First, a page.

Jerry Schuplinski said he didn’t notice when Daniel Jones initially hurt his right hamstring on a 7-yard run last Sunday against the Bengals. When the quarterback handed the ball off on the next play and was limping, that was when he became aware there was something wrong. And when Jones could barely push off his back leg to make a throw on the pass after that, well . . .
"I screamed out: ‘Get loose!’ " the quarterbacks coach recalled on Tuesday.
By that time, though, Colt McCoy had already made his way to the bench to grab a football and start warming up.
"The life of a backup," Schuplinski said, "is that they don’t need you until they need you, but when they need you they really need you."
The Giants will likely be in that last stage of need on Sunday. While Jones still has the rest of the week to rehab and heal from his injury in time to face the Seahawks this week, the team is preparing for life without their starting quarterback. That means getting McCoy up to speed on leading the team in a game that pits two teams that are in first place in their respective divisions . . . even though Seattle (8-3) has twice as many wins as the Giants (4-7).
Overall, though, Schuplinski said not much will change.
"We’re sort of creatures of habit in what we do," he said. "I would say we try to prepare all of our guys to be ready to play and ready to go and understand the game plan. We hold all of our meetings together, there is not a whole lot of individual one-on-one time. Maybe there will be a little bit of extra stuff with Colt just to make sure and verify some stuff, but he’s been preparing the whole time as if he’s going to play. He just doesn’t get as many reps in practice. I don’t imagine it will change that much to be honest in terms of the daily schedule and our meetings and all that kind of stuff."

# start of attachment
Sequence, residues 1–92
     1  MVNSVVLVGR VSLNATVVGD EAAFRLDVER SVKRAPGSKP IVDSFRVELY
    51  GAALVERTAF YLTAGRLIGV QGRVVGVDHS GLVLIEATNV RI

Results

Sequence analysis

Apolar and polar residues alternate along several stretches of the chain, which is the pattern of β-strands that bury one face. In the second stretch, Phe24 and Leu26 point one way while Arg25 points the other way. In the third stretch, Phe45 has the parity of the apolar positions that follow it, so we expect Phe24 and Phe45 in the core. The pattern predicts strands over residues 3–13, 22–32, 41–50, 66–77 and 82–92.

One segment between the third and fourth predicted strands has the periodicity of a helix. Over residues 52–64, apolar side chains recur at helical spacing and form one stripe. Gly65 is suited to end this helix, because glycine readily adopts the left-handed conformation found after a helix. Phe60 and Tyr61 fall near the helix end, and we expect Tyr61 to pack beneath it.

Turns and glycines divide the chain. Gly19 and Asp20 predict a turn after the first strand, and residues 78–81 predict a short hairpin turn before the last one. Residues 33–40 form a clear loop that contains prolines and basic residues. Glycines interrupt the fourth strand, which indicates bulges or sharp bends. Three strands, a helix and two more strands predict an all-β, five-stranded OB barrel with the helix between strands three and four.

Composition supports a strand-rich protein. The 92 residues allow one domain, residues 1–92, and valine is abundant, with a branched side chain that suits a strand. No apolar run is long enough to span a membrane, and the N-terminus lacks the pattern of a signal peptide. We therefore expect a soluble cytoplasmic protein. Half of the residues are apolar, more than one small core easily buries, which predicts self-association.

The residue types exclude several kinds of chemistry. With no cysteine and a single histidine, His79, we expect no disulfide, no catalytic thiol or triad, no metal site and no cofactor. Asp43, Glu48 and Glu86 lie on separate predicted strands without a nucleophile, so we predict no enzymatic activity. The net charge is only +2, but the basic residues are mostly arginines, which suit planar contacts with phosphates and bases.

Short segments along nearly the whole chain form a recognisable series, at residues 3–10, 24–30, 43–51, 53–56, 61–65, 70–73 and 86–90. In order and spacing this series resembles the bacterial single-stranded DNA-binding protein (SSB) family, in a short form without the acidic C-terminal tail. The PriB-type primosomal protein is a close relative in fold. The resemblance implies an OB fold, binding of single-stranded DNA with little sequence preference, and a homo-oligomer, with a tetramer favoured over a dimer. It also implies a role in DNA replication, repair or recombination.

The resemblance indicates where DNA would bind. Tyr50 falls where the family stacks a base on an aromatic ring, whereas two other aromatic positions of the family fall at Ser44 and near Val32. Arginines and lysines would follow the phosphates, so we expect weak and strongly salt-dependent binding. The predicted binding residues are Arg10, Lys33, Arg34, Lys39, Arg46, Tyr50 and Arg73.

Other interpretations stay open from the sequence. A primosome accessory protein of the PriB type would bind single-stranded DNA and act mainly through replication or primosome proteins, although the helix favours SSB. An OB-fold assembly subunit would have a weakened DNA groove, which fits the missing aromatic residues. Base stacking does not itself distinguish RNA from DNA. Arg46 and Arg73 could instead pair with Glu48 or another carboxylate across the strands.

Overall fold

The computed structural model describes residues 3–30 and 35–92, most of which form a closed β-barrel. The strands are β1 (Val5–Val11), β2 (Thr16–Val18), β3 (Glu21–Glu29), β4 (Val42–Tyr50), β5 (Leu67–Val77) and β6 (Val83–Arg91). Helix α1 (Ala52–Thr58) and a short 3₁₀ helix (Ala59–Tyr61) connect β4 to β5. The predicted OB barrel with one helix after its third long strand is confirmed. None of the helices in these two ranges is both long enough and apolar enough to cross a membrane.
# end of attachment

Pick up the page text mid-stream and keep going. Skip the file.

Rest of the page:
Besides, it’s not like the Giants are going from a veteran starter to an inexperienced backup. It’s actually the complete opposite.
"He’s seen a lot of football, he’s been around a lot of football," Schuplinski said. "Maybe it is a little bit easier just because he is experienced doing it, but we’ll just plug forward like we normally do."
While the rest of the world may be eye-rolling, wringing their hands, or overtly laughing at the prospect of McCoy playing depending on their perspective toward the Giants, those on the team have expressed nothing but confidence in the 34-year-old who has not won a start since 2014. Much of that comes from their having seen what no one else has for quite a while.
That would be Colt McCoy.
Because of the lack of preseason games, no public training camps, and limited media availabilities at practices, McCoy has been generally shrouded in secrecy this season. When he was on the field in camp, he looked sharp. There were times when he seemed to be outplaying Jones.
"He was good," Schuplinski said. "He had a good training camp. We were excited about that."
They’ve also watched McCoy practice as the scout-team quarterback each week.
"He has some tricks that he likes to throw at us, whether it’s his no-look passes or looking off the safety, throwing it back side," safety Jabrill Peppers said.
That doesn’t sound like the McCoy who was known more as a game manager than a Patrick Mahomes-like magician.
"It’s a lot easier to do that on the show team where there are not as many consequences as there are in a game," Schuplinski said. "But yeah, he does have that ability. He sees the field pretty well, he knows what he is looking for. Probably one of his biggest strengths is he can recognize coverages and get the ball out quickly to where he wants it to go, and sometimes that includes looking people off. He does a good job with that."
Will we see that Sunday?
Said Schuplinski: "He may have a little fun, bring a little extra on the show team, but he’ll be pretty dialed in, I think, if he has to go in there and play."
That’s the McCoy the Giants will need. Really need.